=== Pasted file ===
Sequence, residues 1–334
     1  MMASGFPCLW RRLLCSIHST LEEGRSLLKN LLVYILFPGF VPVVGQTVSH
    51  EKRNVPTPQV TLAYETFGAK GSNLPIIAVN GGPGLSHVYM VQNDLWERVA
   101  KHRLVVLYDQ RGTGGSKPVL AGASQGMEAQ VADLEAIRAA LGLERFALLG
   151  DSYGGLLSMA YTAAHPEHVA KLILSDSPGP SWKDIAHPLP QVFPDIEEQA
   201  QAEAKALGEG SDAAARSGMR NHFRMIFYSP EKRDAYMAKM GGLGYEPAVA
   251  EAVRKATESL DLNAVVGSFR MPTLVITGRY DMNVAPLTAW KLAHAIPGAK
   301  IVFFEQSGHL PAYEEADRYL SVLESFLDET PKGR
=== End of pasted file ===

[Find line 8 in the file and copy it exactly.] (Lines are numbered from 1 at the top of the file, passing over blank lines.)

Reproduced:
   301  IVFFEQSGHL PAYEEADRYL SVLESFLDET PKGR